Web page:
Generally, finding high enough temperatures requires drilling several kilometres deep. Geothermal reservoirs that are at least 240 degrees Celsius are required to generate high pressure hot water to create steam, although other methods can tap less extreme temperatures by using liquids with lower boiling points.

While high-grade ‘hydrothermal’ resources are found all over the world, in many cases natural reservoirs are not sufficiently porous or permeable to support commercial power production. In these cases, the reservoirs can be ‘stimulated’, sometimes by pumping water or chemical mixtures through the structures to open up new cracks and to interconnect geothermal pools to create a viable heat source.

This method is called Enhanced Geothermal Systems (EGS), and studies indicate it could play a significant role in our energy future, as an environmentally-friendly power generation method with potentially positive economics.

Last year, an MIT study (PDF) evaluated the potential for EGS in the United States concluding that it could supply a substantial portion of the country’s electricity in the future, probably at competitive prices and with minimal environmental impact. EGS techniques could greatly increase the fraction of the geothermal sites that could be developed commercially, beyond available high-grade hydrothermal resources. With an investment of $1 billion over the next fifteen years, geothermal could provide at least 10 percent of U.S. electricity by 2050, says the expert panel behind the report.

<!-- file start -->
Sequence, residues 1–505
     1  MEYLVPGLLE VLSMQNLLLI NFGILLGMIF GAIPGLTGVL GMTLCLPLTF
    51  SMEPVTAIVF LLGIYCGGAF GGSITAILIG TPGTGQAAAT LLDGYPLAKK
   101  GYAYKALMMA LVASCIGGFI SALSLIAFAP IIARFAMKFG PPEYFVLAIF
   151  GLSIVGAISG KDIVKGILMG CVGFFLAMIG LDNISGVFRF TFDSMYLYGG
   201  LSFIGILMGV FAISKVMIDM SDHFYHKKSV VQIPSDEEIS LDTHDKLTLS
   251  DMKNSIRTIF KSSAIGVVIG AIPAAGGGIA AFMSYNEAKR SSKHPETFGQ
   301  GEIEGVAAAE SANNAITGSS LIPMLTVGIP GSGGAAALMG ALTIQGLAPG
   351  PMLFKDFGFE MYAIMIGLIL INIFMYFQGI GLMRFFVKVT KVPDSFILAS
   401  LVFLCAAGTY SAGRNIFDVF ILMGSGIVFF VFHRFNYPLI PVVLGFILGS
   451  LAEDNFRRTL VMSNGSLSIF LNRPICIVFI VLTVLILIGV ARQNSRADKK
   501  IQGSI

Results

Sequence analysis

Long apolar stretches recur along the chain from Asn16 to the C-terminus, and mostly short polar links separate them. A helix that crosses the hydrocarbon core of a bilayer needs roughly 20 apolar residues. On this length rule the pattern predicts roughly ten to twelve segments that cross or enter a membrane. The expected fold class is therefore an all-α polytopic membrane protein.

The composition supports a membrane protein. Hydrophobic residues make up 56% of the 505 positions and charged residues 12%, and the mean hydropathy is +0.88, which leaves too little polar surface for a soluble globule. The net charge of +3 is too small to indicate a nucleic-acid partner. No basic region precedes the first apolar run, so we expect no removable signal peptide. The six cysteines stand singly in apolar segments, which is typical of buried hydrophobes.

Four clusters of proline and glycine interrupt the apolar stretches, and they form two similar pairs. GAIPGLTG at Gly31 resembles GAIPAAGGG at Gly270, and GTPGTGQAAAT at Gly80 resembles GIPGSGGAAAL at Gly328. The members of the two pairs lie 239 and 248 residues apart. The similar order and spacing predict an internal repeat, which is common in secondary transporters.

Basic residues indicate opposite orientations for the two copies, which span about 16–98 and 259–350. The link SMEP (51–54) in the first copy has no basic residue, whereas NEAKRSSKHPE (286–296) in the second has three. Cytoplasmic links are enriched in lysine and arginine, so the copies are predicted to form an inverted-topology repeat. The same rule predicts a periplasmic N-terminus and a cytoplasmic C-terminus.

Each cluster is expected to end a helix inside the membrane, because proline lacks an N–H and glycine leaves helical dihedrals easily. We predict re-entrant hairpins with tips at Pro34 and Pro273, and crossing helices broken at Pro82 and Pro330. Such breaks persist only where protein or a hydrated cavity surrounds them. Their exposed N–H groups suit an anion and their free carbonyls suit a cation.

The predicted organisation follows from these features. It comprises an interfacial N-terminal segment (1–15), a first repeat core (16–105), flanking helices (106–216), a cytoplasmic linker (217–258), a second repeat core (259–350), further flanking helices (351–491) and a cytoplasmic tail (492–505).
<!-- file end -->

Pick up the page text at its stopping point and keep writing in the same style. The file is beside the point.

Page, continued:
Interestingly, the drilling and reservoir technologies used to mine heat have many similarities to those used for extracting oil and gas, connecting the geothermal industry to global energy giants. The MIT panel suggests increased investment by oil and gas firms and electric utilities, supported by federal R&D programs. Though the potential for EGS is great, practical demonstrations, improved resource mapping, and some technical advancements will be required to fully realize its potential and make it a major energy contributor in North America, says the report.

Deploying Geothermal Solutions

The good news is that the experts believe such a transition is possible, and it seems that geothermal is yet another renewable energy resource poised for growth. Though it has received less publicity than hydrogen, solar or wind energy, geothermal possesses many of the positive characteristics of other renewable energies without some of the potential drawbacks.

The great advantage of geothermal is a feature it shares with solar and wind energy: a lack of fuel inputs means the system costs less to run and is not subject to fluctuating fossil fuel prices. Even with high upfront costs, geo-exchange systems are generally proven cost-effective, and commercial geothermal can also take advantage of low operating costs to produce competitive power. The other great advantage is that geo-exchange and hydrothermal technologies are well developed and proven in a variety of applications.